interview

Q&A – Faizal Abdullah and “Hawa”

Faizal Abdullah is the artistic director of Hatch Theatrics, a collective of theatre practitioners in Singapore. Hatch Theatrics will be bringing their award winning show, Hawa, to the Brisbane Festival this year, and we sat down to talk to Faizal about theatre in Singapore, audience reactions to Hawa, and the ways in which it tackles issues regarding religion.

Tell me a little bit about Hatch Theatrics.

We’re a loose collective of five or six of us – we decided to come together twice, three or four times a year, to present pieces of our own. We all have very diverse backgrounds – some are actors, my wife, Khai, is more of an artistic and managing director, and others are writers and directors as well as actors.

We’ve had other members before, but they’ve left because they’ve wanted to do other things. I guess we just decided that “Okay, we want to do things on our own instead of just waiting for other companies to come and approach us”. We wanted to create our own opportunities and work, and go on from there.

And so have you seen the landscape and scope for theatre in Singapore change since you started out?

Definitely, I think the landscape is always changing, but I think what’s exciting is also comparing it to what it was like when I started out. I graduated from an arts school in 2005 and then spent two years in national service, so I started practising full time since 2008. If I compare what it’s like now to ten years ago, it was more of the established companies putting on shows. You didn’t see individuals doing their own shows or people coming together. But now we’re transitioning into a period where anyone and everyone can just put on a play. I have a script; no company wants to put it up – let’s just do it myself!

The infrastructure is there, you can apply for funding. In a way, it’s easier to have your voice heard, to get your work out there, but sometimes – the quality control sometimes is not really there. Back then you’d have to work much harder, you’d have to really climb the ranks, cleaning the theatre, doing the odd jobs, and hopefully one day being able to present your script to one of the senior writers. You’d feel like you’d deserve it.

But just like everything, there are pros and cons. Sometimes you discover gems, like, “where did this person come from!?”, but sometimes the work just needs more time, more development.

Do you think that this widening of scope for theatre makers means that aspiring writers and directors have more opportunities to learn from their mistakes than before?

For us, we definitely appreciated the opportunity to learn from people, but sometimes I feel like the danger is when you get into this – I kind of – I wouldn’t say I’m from the old school, but I think that for me, the old school methods are still prevalent. There’s still a little more conservatism in me. I’m still a bit more “how good is this work, really?” and I’d still like to pass work onto people I respect and have them look at it, rather than just my friends saying “oh it’s great!”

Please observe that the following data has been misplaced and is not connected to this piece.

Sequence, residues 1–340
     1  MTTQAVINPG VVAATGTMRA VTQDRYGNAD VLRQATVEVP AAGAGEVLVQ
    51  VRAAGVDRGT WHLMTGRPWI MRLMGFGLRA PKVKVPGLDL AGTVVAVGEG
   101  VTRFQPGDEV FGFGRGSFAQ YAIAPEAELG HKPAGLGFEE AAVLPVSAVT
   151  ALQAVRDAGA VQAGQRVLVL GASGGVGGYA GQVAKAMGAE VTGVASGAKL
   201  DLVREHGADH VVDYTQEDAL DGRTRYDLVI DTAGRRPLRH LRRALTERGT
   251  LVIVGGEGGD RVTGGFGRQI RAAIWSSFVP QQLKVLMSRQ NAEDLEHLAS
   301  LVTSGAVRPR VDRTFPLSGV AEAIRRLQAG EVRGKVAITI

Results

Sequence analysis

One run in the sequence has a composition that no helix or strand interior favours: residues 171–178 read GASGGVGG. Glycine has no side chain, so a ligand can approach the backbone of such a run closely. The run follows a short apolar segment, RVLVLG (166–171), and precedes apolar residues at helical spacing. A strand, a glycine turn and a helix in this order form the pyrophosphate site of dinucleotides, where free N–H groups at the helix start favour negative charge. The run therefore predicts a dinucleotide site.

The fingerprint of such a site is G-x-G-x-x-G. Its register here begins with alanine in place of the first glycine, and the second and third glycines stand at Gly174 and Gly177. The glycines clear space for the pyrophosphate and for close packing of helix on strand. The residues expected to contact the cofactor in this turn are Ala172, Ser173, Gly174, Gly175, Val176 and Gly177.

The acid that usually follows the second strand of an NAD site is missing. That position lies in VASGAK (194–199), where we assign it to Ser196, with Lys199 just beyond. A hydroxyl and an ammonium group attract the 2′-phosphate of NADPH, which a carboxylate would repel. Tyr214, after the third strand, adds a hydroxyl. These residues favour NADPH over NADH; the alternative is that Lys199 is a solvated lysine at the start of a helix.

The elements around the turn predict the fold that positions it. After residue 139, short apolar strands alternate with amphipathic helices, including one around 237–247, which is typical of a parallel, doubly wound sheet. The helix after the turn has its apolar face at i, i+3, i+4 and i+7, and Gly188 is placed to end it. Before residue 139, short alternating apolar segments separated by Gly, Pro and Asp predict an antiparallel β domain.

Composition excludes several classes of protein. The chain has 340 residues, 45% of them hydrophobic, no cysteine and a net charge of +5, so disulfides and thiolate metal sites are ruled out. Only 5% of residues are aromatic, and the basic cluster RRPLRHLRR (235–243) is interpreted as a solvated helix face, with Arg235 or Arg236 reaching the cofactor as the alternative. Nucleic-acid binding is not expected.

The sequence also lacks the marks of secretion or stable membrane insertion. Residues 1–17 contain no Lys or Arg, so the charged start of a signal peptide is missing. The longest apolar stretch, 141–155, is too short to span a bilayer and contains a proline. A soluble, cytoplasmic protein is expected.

Your peers are great if you’re feeling down, but there are senior artists and directors who are very honest, and can give you valuable opinions. It’s hard to take negative criticism, sometimes you get hurt – but I think that to improve, you need that balance, you need that negative criticism to work towards making it better. We’re quite lucky because we’ve always had people who have been very generous with their opinions on what we do. If they really like it, they will tell us, and if they don’t, they’ll also tell us and they’ll tell us why.

How did you find this play? Did you connect with it because of personal experiences, or did you feel like it was a particular story that had to be told?

I think with Hawa, we first staged it in 2014 or 2015, and then we had another staging in 2016, and this (in Brisbane) will be the third staging. The first time I came across the script was about a year and a half before it come up. It’s so unconventional, and it’s such a brave thing for the playwright to tackle. And at the time, having just written it, the playwright wasn’t sure if he should put it out. He acknowledged that it was tackling a few controversial issues, so he was a bit concerned. He was like, “I’m going to wait until I’m ready”. And then one and a half years later he said, “I think it’s time”.

So for Hatch, when we get a script I’ll read it, and then I’ll get some of my mentors to read it, and we’ll ask them for advice. The two mentors were really for the script. They kept saying that we should do it!

But when we did it, there was this whole issue of the hijab becoming more prevalent in society and some people not being able to wear it in the workplace. It’s not the main thing, part of the magic of Hawa is that the whole premise is very simple. It’s about companionship, and it’s about loyalty to one another. It’s a taboo relationship in Islam, but I think that’s when it kind of messes with our mind a little bit. When do we stop seeing the Islam and when do we start acknowledging that these two people are in a relationship? The thing that struck me from the first time I read it is that we don’t gloss over that this relationship is taboo. We acknowledge it and we accept it – that Islam doesn’t accept a homosexual relationship. But who are we as humans to persecute and punish these humans that are sinning?